In May 2018, the official fan group of Derby County asked for Štimac to replace Gary Rowett as the club's manager.[39]



Hajduk Split

Derby County

Yugoslavia U-20



  1. ^ "Ȉgor". Hrvatski jezični portal (in Serbo-Croatian). Retrieved 17 March 2018. Ȉgor
  2. ^ "štȉmati". Hrvatski jezični portal (in Serbo-Croatian). Retrieved 17 March 2018. Štímac
  3. ^ a b "AIFF APPOINTS IGOR STIMAC AS NEW MEN'S SENIOR NATIONAL TEAM COACH". the-aiff.com. AIFF. Retrieved 15 May 2019.
  4. ^ "Croatian World Cupper Igor Stimac set to be appointed coach". timesofindia.indiatimes.com. TOI. Retrieved 28 May 2019.
  5. ^ "A new dawn for Indian football?". livemint.com. Live Mint. Retrieved 28 May 2019.
  6. ^ "'Stay a legend and a hero!' - Derby County fans on Igor Stimac links". derbytelegraph.co.uk. Derbyshire Live. Retrieved 28 May 2019.
  7. ^ Church, Daniel (7 October 2016). "Cult Heroes: Derby County's Igor Stimac". Shoot.co.uk.
  8. ^ "RAMSTV MEETS... IGOR STIMAC (PART 1)". dcfc.co.uk. Derby County Football club. Retrieved 28 May 2019.
  9. ^ "EX-PLAYER INTERVIEW: IGOR STIMAC (PART 1)". dcfc.co.uk. Derby County Football Club. Retrieved 28 May 2019.
  10. ^ "Newcastle 2 West Ham 2". Sporting Life. 3 January 2000. Retrieved 31 December 2009.[dead link]
  11. ^ Mamrud, Roberto (16 July 2009). "Croatia - Record International Players". RSSSF. Retrieved 15 October 2009.
  12. ^ Igor ŠtimacFIFA competition record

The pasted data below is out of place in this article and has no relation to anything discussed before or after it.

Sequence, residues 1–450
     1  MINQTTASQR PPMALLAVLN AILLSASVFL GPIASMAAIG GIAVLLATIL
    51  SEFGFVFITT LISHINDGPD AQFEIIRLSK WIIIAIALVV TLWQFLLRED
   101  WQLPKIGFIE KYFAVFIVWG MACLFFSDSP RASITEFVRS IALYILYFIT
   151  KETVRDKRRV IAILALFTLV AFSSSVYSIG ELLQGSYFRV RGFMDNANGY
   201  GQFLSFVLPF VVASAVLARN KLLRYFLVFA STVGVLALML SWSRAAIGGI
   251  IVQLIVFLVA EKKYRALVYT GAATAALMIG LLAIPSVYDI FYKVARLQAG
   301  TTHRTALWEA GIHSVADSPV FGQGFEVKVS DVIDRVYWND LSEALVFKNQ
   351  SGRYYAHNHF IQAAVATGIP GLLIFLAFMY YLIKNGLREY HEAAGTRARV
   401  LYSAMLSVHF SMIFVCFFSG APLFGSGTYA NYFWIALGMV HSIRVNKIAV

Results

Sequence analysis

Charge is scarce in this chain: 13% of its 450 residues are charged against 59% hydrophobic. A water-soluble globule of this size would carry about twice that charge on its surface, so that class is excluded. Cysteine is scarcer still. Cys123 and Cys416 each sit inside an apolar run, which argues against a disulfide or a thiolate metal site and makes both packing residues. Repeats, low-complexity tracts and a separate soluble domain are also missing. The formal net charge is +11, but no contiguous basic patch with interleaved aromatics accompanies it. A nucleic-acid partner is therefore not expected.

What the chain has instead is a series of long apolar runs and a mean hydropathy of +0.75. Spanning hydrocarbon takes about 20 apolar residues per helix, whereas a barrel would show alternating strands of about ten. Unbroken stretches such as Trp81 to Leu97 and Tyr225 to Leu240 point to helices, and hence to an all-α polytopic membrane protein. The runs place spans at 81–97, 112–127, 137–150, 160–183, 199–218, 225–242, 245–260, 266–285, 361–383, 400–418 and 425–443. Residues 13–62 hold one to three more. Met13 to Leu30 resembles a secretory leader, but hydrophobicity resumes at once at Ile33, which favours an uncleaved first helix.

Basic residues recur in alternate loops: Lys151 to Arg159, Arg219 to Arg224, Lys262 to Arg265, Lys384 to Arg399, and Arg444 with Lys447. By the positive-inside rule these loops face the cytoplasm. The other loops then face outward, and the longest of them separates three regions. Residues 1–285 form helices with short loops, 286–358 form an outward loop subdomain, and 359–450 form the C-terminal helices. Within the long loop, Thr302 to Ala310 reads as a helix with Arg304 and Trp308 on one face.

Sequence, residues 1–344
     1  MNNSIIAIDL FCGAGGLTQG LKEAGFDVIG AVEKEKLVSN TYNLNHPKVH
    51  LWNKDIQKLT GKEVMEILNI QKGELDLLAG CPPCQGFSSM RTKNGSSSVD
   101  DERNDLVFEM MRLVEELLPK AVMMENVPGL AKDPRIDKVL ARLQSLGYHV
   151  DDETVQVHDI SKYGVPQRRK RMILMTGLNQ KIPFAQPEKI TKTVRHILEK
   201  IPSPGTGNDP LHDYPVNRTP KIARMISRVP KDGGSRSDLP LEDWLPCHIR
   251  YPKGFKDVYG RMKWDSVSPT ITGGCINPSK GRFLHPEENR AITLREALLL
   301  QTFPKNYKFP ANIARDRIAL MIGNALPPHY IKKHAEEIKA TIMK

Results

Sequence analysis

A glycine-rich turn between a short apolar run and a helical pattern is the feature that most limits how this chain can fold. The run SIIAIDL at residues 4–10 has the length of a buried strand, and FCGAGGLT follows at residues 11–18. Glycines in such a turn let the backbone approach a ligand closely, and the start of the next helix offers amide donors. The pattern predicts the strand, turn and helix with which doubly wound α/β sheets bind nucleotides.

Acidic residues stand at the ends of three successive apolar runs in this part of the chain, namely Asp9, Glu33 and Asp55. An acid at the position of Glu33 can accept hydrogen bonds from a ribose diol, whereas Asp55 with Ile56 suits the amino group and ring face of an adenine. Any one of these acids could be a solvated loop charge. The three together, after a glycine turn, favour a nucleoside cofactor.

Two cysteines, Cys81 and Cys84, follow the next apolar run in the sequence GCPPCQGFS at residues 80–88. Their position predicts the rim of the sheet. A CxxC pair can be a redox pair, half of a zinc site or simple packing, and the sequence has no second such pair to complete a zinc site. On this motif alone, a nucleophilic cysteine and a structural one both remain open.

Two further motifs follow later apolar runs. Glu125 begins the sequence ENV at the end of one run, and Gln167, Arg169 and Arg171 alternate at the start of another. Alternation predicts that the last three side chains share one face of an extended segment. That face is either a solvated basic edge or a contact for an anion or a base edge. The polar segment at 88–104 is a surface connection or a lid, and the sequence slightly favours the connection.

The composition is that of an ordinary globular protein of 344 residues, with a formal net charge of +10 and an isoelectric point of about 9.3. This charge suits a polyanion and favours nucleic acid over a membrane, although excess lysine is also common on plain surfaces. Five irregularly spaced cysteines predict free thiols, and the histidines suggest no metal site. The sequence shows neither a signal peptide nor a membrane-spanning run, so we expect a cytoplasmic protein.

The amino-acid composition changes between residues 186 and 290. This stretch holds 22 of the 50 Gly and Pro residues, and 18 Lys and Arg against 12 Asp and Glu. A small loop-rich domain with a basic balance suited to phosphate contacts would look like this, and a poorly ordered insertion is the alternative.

13. ^ "Indian Football: Croatian Igor Stimac to be appointed head coach of National Team; Albert Roca misses out". sportskeeda.com. Sportskeeda. Retrieved 28 May 2019.
  14. ^ Bradovski, Mihaela (14 September 2009). "Igor Štimac preuzima Kranjčevićevu".
  15. ^ "Hrvatska razočarala na početku Štimčeva mandata". Retrieved 31 January 2013.
  16. ^ "Luka Modric and Ivan Rakitic: Croatia's Terrifying Midfield Axis". Bleacher Report. 8 April 2014.
  17. ^ "Great Scots shock Croatia". ESPN Soccernet. 7 June 2013.
  18. ^ "Croatia vs Portugal Match Report". goal.com. 10 June 2013.
  19. ^ "Croatia 3-2 Liechtenstein". ESPN Soccernet. 14 August 2013.
  20. ^ "Feisty Affair In Belgrade". ESPN Soccernet. 6 September 2013.
  21. ^ "Lukaku secures finals berth". ESPN Soccernet. 11 October 2013.
  22. ^ "Out of the shadows". SkySports. 9 April 2014.
  23. ^ "Scots do the double over Croatia". ESPN Soccernet. 15 October 2013.
  24. ^ "Šuker prihvatio ostavku Štimca". jutarnji.hr. 16 October 2013.
  25. ^ "FIFA Rankings: Croatia Officially 4th In The World". Croatiaweek.com. 11 April 2013.
  26. ^ "Štimac: "Odluku o Kovačiću 'prelomio' sam sinoć, odigrao je za desetku"". sportnet.rtl.hr. 22 March 2013.
  27. ^ "CROATIAVS.PORTUGAL0-1". soccerway.com. 10 June 2013.
  28. ^ "Štimac trener Zadra". jutarnji.hr. 7 January 2015.
  29. ^ "Štimac dao ostavku na mjestu trenera Zadra". jutarnji.hr. 16 July 2015.
  30. ^ "NEW PROBLEMS OF NK ZADAR Coach Igor Štimac resigned". kalelargainfo.hr. 17 July 2015.
  31. ^ "Štimac nakon šest mjeseci napustio iranski Sepahan". Germanijak.hr. 21 April 2016.
  32. ^ "NEW LOOK BLUE TIGERS GO DOWN TO CURACAO". the-aiff.com. AIFF. Retrieved 8 June 2019.
  34. ^ "YOUNG INDIA BEAT THAILAND, FINISH THIRD IN KING'S CUP". the-aiff.com. AIFF. Retrieved 8 June 2019.
  35. ^ "Late Oman comeback sinks India". AIFF. 5 September 2019. Retrieved 8 October 2019.
  36. ^ "India holds Asian champion Qatar to goalless draw". AIFF. 11 September 2019. Retrieved 8 October 2019.
  37. ^ "India, Bangladesh play out a draw out in World Cup qualifier". AIFF. 15 October 2019. Retrieved 15 October 2019.
  38. ^ "Super sub Doungel helps Blue Tigers earns a point in Dushanbe". AIFF. 14 November 2019. Retrieved 16 November 2019.
  39. ^ "'Terrible manager':Derby fans discuss replacing Rowett with Igor Stimac". Danny Owen. 21 May 2018.
  40. ^ "ODLUKU KOJOM SE ODLIKUJU REDOM DANICE HRVATSKE S LIKOM FRANJE BUČARA" (in Croatian). hrvatska.poslovniforum.hr.